(pg. 694-695) “Ignotum nobis non est, quosdam adesse, qui, saecularium Principum auctoritati plus nimio tribuentes, et verba hujus Canonis (de quo hic agimus) captiosè interpretantes, illud defendendum sus ceperunt, ut, quoniam Tridentini Patres hâc dicendi formulâ usi non fuerint, ad solos Judices Ecclesiasticos, aut omnes causas matrimoniales, potestatem reliquerint Judicibus laicis cognoscendi saltem causas matrimoniales, quae sunt meri facti. Sed scimus etiam hanc captiunculam et fallax hoc cavillandi genus omni fundamento destitui. Verba enim Canonis ità generalia sunt, omnes ut causas comprehendant et complectantur; spiritus verò sive ratio legis adeò latè patet, ut nullum exceptioni aut limitationi locum relinquant: si enim hae causae non aliâ ratione pertinent ad unum Ecclesiae judicium, nisi quia contractus matrimonialis est verè et propriè unum ex septem legis Evangelicae Sacramentis, sicut haec Sacramenti ratio communis est omnibus causis matrimonialibus, ità omnes hae causae spectare unice debent ad Judices Ecclesiasticos”
[English Translation from Mary’s Advocates and Denzinger, 1500a] It is not unknown to us that there are some, who, attributing too much to the authority of the secular princes, and captiously interpreting the words of this canon [24th Trent, c. 12], have undertaken to defend this: That, since the Tridentine Fathers did not make use of this form of speaking, “to ecclesiastical judges alone,”or,”all matrimonial cases,”–they (the Tridentine Fathers) have left to lay judges the power of at least investigating matrimonial cases which are of pure fact. But we know that even this sophism and this false kind of quibbling are devoid of all foundation. For the words of the canon are so general that they embrace and comprise all cases. Moreover, the spirit or purpose of the law extends so widely that it leaves no place for exception or limitation.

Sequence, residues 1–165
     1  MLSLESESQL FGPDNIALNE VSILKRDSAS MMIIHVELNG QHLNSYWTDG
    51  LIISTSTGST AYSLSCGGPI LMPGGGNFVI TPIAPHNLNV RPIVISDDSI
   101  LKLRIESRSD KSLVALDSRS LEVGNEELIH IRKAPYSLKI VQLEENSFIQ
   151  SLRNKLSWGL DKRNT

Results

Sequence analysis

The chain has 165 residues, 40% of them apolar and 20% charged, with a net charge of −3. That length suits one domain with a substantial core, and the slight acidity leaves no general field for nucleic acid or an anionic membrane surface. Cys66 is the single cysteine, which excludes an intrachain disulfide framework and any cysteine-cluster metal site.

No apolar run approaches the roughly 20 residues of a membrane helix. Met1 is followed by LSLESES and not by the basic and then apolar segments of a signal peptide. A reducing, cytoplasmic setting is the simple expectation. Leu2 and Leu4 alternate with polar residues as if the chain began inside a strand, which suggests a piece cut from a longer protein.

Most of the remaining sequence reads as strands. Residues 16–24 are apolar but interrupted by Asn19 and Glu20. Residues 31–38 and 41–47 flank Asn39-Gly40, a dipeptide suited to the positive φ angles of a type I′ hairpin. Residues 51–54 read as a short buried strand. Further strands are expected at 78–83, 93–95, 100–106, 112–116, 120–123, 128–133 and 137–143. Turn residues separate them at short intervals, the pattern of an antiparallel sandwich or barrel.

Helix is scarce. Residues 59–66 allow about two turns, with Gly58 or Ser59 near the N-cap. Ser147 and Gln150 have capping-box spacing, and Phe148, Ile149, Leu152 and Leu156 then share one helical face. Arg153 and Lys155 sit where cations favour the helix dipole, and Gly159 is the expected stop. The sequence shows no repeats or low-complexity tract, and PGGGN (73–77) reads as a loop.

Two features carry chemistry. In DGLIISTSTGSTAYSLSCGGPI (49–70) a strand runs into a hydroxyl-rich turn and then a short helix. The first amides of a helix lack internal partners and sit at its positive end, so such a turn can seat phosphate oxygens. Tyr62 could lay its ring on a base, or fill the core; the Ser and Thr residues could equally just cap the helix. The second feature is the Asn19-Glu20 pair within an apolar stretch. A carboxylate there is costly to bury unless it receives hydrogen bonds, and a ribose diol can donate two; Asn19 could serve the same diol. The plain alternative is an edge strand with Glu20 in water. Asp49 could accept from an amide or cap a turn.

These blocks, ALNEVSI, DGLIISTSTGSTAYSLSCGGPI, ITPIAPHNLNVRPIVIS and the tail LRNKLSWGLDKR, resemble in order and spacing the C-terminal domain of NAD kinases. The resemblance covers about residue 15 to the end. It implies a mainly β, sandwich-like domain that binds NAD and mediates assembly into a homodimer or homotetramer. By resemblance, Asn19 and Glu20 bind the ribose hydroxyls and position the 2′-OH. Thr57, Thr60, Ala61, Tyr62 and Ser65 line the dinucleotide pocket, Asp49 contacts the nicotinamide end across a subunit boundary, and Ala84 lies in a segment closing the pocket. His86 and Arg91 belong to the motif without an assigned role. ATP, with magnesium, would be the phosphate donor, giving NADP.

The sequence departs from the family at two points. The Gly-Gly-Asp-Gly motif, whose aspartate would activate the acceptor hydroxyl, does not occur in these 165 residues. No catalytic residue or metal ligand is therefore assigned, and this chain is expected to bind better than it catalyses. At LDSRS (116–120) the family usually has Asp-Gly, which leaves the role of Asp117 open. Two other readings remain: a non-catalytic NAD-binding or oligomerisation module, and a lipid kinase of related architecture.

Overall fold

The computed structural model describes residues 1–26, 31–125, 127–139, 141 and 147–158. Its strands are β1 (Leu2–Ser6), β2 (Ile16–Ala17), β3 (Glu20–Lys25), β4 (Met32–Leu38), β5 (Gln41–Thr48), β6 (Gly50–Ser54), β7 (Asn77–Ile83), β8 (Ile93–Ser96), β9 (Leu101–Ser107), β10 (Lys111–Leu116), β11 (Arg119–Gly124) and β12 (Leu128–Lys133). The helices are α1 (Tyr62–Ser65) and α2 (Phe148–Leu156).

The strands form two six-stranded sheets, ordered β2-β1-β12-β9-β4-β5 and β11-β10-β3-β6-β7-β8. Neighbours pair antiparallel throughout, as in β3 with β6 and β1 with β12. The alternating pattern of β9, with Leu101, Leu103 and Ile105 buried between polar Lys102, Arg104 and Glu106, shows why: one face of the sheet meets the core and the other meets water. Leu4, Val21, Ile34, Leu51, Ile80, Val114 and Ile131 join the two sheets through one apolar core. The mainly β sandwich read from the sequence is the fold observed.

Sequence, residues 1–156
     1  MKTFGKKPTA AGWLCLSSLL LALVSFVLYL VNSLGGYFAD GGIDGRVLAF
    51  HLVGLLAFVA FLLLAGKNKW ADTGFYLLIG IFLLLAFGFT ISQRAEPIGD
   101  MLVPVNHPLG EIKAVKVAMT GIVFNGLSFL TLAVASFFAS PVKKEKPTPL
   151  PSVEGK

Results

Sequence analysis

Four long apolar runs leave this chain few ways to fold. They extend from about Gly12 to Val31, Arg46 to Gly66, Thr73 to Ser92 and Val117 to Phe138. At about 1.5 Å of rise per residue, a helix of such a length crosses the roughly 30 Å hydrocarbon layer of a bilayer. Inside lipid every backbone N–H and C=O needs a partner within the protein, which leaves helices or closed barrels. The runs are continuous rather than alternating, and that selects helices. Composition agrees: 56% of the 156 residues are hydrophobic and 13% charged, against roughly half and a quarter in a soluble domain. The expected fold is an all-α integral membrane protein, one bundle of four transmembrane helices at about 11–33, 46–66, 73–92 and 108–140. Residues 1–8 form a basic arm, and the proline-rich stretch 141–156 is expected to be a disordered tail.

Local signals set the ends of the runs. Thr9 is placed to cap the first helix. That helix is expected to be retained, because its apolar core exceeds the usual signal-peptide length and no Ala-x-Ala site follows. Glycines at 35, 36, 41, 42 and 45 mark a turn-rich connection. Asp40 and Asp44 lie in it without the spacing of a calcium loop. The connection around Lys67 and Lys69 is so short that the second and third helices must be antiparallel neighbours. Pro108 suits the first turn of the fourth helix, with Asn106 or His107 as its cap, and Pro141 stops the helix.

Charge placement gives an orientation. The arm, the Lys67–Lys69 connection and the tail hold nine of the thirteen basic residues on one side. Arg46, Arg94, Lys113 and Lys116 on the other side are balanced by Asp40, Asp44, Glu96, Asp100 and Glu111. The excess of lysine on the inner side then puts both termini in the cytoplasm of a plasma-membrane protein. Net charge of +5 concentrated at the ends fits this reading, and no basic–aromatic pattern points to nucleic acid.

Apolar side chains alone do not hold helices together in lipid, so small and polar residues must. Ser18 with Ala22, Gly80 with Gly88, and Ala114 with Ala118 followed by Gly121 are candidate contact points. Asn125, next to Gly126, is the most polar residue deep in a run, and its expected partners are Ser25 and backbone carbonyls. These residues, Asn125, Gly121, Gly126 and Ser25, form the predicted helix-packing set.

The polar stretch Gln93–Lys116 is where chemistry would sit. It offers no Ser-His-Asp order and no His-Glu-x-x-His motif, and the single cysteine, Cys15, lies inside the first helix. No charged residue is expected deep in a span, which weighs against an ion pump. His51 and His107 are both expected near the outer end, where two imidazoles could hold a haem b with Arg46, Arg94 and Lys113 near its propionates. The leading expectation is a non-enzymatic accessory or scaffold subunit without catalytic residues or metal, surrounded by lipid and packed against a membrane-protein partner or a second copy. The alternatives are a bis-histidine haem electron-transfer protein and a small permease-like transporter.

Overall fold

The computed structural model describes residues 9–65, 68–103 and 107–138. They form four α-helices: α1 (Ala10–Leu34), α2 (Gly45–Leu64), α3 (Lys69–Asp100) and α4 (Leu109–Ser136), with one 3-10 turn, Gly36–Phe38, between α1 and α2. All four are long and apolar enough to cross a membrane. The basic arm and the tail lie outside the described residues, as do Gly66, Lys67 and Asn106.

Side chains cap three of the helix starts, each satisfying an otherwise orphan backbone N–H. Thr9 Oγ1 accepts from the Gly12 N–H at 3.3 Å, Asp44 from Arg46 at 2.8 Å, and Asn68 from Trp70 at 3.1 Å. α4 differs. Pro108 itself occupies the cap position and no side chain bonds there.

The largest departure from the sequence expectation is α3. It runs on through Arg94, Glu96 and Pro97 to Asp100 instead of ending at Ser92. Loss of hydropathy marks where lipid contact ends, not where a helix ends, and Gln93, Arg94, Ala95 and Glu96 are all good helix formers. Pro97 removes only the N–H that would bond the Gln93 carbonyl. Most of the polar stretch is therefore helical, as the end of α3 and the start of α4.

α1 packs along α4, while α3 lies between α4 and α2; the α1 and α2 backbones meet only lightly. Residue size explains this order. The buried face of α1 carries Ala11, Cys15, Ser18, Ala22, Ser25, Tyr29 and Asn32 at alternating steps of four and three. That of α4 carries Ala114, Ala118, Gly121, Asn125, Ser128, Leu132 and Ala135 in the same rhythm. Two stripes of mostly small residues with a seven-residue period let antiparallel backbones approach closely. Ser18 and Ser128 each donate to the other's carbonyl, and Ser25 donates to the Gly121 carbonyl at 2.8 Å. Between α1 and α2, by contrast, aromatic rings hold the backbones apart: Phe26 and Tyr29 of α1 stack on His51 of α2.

For if these cases pertain to the tribunal of the Church alone for no other reason than because the marriage contract is truly and properly one of the seven sacraments of the evangelical law, then, just as this notion of the sacrament is common to all matrimonial cases, so all these cases must pertain to ecclesiastical judges alone.